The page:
In what way does Andrew Marvell present the male interpretation of love in "To His Coy Mistress"?
Andrew Marvell's "To His Coy Mistress" is a poem that deals with many themes, especially the themes of love, time, human mortality, and the pursuit of pleasure. However, for all its complexity, "Mistress" is also a representation of the shallow, male interpretation of love, as it essentially equates love with sex.
Initially, the speaker insists that he wishes he were able to engage in a long courtship and get to know his lover in an intimate way. However, the speaker also asserts that this process is sadly impossible, because he and his mistress will get old and die. As such, the speaker concludes that it is necessary to love each other (have sex, in other words) while both parties are young and good looking so that they can have as much pleasure in life before they die.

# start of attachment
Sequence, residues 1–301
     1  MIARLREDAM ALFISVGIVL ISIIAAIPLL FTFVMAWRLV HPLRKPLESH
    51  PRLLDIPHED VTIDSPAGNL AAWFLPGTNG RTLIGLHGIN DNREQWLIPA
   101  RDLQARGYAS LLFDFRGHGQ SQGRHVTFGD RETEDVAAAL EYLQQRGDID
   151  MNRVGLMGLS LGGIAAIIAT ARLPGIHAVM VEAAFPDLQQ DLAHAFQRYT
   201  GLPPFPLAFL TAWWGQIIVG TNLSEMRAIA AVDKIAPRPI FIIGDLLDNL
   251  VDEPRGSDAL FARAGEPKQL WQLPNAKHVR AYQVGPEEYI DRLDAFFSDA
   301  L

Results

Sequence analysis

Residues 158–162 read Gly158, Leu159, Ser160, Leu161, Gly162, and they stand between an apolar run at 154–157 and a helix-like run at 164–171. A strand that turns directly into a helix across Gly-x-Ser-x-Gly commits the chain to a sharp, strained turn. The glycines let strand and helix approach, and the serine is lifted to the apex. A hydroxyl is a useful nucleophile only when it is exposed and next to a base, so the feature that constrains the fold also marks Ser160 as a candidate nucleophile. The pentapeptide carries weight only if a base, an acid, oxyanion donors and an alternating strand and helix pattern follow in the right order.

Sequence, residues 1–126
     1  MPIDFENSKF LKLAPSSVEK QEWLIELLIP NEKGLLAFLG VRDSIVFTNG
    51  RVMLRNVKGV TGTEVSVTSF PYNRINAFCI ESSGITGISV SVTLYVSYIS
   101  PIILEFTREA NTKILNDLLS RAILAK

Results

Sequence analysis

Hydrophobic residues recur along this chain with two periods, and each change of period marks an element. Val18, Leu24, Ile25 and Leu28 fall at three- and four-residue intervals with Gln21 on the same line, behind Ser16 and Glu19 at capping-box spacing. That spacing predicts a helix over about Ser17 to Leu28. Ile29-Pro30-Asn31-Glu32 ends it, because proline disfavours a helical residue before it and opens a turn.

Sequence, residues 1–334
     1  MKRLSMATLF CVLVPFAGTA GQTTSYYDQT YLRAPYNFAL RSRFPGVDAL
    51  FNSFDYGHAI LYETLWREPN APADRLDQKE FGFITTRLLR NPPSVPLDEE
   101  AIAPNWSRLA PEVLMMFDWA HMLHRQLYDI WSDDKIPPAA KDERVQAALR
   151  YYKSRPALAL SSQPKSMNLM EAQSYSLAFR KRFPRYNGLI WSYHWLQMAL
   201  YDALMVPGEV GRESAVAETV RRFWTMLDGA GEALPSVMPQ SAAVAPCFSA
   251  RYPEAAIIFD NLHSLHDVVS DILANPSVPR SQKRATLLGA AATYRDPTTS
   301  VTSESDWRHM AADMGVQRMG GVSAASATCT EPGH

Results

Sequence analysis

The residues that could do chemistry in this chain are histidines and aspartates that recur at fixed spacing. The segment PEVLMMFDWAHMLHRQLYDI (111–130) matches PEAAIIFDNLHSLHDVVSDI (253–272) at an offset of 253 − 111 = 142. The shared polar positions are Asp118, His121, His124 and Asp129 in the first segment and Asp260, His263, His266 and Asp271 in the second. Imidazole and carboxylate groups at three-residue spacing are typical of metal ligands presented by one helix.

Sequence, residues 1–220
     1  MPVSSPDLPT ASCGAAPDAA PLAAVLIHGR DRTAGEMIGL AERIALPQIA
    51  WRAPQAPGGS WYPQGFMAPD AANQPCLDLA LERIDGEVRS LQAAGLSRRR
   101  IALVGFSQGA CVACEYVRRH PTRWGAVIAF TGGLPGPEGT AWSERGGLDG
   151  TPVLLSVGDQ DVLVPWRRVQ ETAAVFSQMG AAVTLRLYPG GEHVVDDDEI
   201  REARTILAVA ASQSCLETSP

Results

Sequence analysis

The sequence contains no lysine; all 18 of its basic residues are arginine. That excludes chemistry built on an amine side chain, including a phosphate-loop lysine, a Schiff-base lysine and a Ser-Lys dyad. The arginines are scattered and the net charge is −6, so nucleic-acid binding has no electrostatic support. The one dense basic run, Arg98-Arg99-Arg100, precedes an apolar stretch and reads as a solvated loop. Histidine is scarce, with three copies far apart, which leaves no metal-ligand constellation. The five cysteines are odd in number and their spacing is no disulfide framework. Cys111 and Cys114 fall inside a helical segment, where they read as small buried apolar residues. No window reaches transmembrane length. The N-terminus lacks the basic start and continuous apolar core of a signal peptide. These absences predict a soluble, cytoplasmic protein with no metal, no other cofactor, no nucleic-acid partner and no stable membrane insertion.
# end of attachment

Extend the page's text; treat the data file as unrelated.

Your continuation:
The elevated verse of the piece suggests there's a certain logic to the speaker's argument, but it's important to remember that the speaker is advancing a stereotypically male (and even misogynistic) view of love. For the speaker, getting the most out of a romantic relationship means having sex (and, he implies, lots of it). As such, he essentially reduces the woman in the relationship to a body and nothing more. After all, the speaker is essentially saying that what's most important is the physical aspect of the relationship. Everything else (getting to know one another, developing a strong emotional bond, etc.) is secondary and ultimately superfluous for him. As such, the speaker advances a classically patriarchal view of love, as he callously reduces his female companion to a mere body and refuses to view the emotional development of a relationship as important.